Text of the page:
Parasitic nematodes sicken or debilitate millions of persons worldwide.. In the vast majority of these nematodes the third larval stage (L3) constitutes the infective stage for the vertebrate host. Regardless of how these L3 are acquired during the infection process, they may be viewed as transitional , in a state of developmental arrest, which are reactivated only then exposed to cues present in the definitive host. The mechanism by which these parasites regulate development in the L3 remain unclear, studies in this area having been hampered by the lack of a molecular genetic system involving a parasitic nematode. By contrast, the developmental biology of L3, including the switch between continuous and arrested (dauer( development, has been under active investigation in the free-living nematode Caenorhabditis elegans, resulting in a wealth of relevant molecular genetic information on that organism. The overall goal of the proposed study is to ascertain whether mechanisms similar to those acting in C. elegans also regulate development in the parasite Strongyloides stercoralis. S. stercoralis was chosen as a model because, among numerous other functional and morphological similarities, this worm has an alternative free-living cycle reminiscent of the continuous development cycle of C., elegans.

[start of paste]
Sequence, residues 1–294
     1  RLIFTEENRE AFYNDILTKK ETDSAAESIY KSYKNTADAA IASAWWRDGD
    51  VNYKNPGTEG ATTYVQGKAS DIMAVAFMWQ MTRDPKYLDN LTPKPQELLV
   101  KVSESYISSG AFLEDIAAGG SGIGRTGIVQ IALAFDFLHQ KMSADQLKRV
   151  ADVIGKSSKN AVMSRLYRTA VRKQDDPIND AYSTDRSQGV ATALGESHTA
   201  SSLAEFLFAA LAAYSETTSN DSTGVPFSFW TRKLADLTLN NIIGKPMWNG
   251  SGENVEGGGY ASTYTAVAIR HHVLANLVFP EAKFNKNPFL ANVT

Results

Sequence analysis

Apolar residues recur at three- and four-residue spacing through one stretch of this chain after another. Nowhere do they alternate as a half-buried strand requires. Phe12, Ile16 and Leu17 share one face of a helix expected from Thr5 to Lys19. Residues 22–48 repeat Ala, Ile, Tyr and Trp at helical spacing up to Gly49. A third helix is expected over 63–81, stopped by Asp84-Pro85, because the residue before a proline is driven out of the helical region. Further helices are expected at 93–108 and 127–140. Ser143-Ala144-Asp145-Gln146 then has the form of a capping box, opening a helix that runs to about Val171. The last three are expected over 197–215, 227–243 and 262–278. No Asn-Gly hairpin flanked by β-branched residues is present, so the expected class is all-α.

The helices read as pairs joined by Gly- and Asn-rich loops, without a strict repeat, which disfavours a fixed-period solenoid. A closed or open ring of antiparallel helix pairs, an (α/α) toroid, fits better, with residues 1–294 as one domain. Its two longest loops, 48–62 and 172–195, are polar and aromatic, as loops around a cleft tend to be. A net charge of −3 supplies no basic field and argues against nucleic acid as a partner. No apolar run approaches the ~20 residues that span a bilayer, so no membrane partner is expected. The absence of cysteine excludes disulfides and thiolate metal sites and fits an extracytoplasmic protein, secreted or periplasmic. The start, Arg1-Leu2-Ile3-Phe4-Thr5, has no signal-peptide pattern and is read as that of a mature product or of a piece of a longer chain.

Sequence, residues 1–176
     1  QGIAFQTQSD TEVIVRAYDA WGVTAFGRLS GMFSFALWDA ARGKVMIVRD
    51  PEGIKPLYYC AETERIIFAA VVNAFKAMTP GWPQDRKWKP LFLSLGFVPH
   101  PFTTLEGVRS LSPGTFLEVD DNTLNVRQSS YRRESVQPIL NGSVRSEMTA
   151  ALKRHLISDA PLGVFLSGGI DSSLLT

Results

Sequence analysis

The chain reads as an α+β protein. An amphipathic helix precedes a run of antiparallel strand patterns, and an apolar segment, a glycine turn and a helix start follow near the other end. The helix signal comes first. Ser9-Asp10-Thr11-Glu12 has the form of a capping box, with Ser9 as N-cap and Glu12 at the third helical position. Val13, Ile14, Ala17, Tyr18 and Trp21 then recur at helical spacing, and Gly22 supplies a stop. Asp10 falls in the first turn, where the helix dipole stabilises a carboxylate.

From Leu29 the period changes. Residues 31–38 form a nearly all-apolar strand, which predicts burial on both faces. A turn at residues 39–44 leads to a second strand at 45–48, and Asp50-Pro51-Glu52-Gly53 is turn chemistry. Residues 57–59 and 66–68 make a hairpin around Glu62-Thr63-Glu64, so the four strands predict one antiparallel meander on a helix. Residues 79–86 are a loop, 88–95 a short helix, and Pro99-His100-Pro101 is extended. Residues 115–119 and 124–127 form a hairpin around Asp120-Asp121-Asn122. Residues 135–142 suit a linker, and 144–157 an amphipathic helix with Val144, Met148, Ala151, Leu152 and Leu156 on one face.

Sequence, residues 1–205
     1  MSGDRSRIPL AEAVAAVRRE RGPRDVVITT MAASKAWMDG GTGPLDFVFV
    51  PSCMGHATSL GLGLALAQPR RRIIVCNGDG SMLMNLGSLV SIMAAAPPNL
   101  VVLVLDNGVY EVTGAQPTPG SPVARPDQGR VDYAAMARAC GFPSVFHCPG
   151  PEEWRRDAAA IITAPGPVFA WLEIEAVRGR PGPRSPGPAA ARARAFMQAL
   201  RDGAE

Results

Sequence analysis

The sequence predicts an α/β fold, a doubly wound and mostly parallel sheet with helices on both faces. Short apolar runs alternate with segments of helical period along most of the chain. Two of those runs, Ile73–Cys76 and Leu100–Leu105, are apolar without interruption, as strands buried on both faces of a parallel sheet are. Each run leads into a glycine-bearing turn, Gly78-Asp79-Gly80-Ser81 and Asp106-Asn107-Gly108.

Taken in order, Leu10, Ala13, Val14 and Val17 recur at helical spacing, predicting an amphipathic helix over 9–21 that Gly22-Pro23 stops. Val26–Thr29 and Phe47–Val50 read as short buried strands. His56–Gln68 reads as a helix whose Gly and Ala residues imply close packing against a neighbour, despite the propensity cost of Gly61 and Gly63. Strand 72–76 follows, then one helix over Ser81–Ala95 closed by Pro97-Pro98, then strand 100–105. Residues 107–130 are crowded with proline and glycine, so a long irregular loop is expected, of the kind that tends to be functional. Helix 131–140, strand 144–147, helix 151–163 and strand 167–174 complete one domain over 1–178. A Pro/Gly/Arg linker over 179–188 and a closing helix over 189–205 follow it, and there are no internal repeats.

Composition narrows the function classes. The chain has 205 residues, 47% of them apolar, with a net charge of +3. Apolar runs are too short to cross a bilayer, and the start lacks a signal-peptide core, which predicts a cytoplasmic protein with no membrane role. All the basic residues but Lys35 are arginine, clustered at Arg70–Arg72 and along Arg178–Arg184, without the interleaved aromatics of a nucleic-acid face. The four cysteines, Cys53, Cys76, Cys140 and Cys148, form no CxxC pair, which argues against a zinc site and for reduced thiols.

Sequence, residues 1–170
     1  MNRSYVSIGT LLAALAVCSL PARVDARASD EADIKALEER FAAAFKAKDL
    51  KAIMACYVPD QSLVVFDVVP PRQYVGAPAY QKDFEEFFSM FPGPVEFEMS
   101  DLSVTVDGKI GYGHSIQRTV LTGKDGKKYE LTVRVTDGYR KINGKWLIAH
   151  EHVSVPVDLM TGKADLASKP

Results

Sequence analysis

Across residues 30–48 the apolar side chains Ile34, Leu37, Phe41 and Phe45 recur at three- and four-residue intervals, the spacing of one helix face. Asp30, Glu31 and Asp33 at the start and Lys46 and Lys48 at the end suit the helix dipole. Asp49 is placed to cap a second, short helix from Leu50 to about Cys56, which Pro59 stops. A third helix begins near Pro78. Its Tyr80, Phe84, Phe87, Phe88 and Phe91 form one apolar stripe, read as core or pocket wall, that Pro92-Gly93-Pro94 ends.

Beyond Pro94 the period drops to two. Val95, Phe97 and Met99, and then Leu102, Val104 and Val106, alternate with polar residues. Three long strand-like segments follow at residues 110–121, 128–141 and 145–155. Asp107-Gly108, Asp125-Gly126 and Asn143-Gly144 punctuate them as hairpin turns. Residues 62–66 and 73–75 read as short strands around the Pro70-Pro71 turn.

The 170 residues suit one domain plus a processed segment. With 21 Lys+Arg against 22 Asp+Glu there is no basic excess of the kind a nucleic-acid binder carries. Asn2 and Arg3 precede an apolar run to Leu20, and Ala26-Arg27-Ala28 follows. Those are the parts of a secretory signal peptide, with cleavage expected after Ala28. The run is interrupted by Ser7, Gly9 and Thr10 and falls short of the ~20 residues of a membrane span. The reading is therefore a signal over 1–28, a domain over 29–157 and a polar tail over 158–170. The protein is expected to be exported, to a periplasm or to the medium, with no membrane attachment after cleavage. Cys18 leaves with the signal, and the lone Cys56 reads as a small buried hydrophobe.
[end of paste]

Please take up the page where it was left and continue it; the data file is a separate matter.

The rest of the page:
The specific aims of this proposal are, first, to ascertain the existence in S. stercoralis of homologs to four key genes on the insulin-like branch of the daf pathway which controls development in C. elegans L3. Work toward this aim w3ill stress a PCR approach involving primers based on published C. elegans gene sequences. Genes targeted for study are homologs of C. elegans daf-2, age-1, daf-18 and daf-16. Second, we will investigate the function of the putative S. stercoralis daf homologs. Functional homology of putative dauer inducing genes will be ascertained by ablating transcripts with specific double stranded RNA. Homology of dauer inducers and putative dauer suppressing genes will be investigated by complementation studies in appropriate C. elegans mutants. Finally, we will endeavor to develop methods for germ line transformation of S. stercoralis in order to assess function of putative regulatory genes. Methods widely used for DNA transformation of C. elegans via microinjection into gonadal syncytia will be adapted.